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Ear, Nose and Throat Surgeons of Western New England

Barry Jacobs, MD, FACS    Theodore Mason, MD    Grant Moore, MD, FACS    
Daniel Plosky, MD    Jacquelyn Reilly, MD    Carl Reiner, MD    
Jerry Schreibstein, MD, FACS    Kimberly Byrne, PA-C    Adam Sprague, PA-C

In this issue

Epistaxis—A Review


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Epistaxis—A Review

Nosebleeds are one of the most common emergancy room problems, affecting all age groups.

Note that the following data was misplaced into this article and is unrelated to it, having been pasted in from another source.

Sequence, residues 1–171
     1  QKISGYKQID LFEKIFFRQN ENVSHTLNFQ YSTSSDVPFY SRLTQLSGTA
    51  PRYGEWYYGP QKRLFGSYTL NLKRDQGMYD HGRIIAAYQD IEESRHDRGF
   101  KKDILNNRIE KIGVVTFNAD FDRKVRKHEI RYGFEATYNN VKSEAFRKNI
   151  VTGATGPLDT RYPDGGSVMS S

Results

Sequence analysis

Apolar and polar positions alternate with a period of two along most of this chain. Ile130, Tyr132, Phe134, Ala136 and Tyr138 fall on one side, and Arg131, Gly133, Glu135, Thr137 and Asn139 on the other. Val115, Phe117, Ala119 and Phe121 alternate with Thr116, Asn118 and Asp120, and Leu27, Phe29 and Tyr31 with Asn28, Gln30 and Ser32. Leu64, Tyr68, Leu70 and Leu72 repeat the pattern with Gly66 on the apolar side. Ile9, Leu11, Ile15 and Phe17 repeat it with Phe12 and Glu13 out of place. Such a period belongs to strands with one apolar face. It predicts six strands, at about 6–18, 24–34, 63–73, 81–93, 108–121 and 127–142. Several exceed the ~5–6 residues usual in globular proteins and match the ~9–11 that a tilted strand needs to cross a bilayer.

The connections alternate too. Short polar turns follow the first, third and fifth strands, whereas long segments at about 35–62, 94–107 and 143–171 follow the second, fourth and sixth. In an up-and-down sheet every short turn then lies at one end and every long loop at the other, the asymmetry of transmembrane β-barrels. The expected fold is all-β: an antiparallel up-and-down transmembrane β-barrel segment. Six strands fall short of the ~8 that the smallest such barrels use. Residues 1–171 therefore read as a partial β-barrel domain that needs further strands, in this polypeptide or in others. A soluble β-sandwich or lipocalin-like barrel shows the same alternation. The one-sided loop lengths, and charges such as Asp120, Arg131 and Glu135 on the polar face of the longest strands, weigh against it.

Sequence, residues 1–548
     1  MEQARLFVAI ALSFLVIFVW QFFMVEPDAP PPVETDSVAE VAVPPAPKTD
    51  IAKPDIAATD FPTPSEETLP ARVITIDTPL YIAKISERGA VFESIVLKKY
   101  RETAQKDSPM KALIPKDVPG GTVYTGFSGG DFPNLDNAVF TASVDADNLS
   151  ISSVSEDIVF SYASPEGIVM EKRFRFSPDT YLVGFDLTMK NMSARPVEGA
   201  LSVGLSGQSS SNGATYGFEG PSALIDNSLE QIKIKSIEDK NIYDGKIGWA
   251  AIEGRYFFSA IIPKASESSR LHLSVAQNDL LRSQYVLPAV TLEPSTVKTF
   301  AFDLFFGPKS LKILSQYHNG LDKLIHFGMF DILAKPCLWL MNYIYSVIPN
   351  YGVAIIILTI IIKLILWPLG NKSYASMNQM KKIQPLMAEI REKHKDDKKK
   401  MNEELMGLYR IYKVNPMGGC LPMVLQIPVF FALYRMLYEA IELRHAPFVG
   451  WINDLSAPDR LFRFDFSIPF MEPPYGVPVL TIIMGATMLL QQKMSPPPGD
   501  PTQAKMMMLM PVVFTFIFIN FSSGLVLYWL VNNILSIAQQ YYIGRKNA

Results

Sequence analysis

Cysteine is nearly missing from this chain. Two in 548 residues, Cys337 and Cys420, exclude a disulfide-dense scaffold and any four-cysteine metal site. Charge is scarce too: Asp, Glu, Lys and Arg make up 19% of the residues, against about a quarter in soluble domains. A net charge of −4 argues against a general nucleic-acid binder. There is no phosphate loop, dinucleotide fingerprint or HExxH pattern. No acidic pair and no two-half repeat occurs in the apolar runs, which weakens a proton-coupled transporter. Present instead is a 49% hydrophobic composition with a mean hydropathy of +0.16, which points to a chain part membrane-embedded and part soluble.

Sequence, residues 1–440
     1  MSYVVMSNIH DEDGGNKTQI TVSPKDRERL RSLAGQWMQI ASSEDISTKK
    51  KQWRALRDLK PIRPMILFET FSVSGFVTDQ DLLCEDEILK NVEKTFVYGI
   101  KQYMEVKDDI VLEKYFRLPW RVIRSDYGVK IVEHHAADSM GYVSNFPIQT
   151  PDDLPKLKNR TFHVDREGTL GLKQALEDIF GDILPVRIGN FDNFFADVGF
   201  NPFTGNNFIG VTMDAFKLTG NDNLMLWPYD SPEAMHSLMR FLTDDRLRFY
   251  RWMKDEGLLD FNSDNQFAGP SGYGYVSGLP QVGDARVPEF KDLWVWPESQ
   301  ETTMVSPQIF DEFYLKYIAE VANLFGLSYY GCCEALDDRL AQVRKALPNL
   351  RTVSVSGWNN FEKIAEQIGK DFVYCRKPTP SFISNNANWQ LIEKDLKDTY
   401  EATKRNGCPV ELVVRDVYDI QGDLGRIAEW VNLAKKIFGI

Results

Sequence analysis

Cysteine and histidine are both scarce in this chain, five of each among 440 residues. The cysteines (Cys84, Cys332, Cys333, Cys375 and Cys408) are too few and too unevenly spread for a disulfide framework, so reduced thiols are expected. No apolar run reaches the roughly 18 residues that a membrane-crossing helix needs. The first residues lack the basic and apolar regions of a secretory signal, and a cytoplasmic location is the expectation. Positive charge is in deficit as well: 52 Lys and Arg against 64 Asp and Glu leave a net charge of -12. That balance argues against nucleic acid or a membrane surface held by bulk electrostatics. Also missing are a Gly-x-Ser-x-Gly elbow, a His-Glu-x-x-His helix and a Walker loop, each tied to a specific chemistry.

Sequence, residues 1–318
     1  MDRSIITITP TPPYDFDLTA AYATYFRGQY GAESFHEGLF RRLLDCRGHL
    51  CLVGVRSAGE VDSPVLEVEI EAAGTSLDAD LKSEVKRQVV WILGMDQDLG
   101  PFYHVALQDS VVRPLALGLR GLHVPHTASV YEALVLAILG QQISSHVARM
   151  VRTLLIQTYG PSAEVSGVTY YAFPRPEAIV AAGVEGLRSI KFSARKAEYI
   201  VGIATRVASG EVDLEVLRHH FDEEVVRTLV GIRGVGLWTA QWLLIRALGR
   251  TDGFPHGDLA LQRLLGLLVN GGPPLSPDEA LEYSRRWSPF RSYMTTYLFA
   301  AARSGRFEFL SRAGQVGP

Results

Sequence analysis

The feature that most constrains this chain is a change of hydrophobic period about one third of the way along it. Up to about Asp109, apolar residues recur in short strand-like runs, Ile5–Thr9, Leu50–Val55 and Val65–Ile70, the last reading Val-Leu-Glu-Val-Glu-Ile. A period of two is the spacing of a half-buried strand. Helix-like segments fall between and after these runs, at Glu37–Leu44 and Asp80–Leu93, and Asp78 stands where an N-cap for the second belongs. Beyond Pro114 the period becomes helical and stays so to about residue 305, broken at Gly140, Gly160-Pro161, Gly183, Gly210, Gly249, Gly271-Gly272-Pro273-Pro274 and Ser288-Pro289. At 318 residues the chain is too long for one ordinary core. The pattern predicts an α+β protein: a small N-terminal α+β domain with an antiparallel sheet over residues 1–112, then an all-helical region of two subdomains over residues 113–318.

By Jacquelyn Reilly, MD

Epistaxis—otherwise known as nose bleeds—make up one of the most common problems seen in the emergency room. It occurs in one of every seven people and affects all age groups. Patients who seek medical attention for epistaxis typically fall into two general categories: those who have multiple minor episodes and those who have a single severe prolonged episode that will not stop. In most cases, it is simply secondary to the cold dry air, nasal trauma, or blood thinners. However, in some cases it can relate to more serious diseases, such as cancers of the nasal cavity, sinuses, or nasopharynx. In this article, we will explore the anatomy, etiology, diagnosis, and treatment of epistaxis.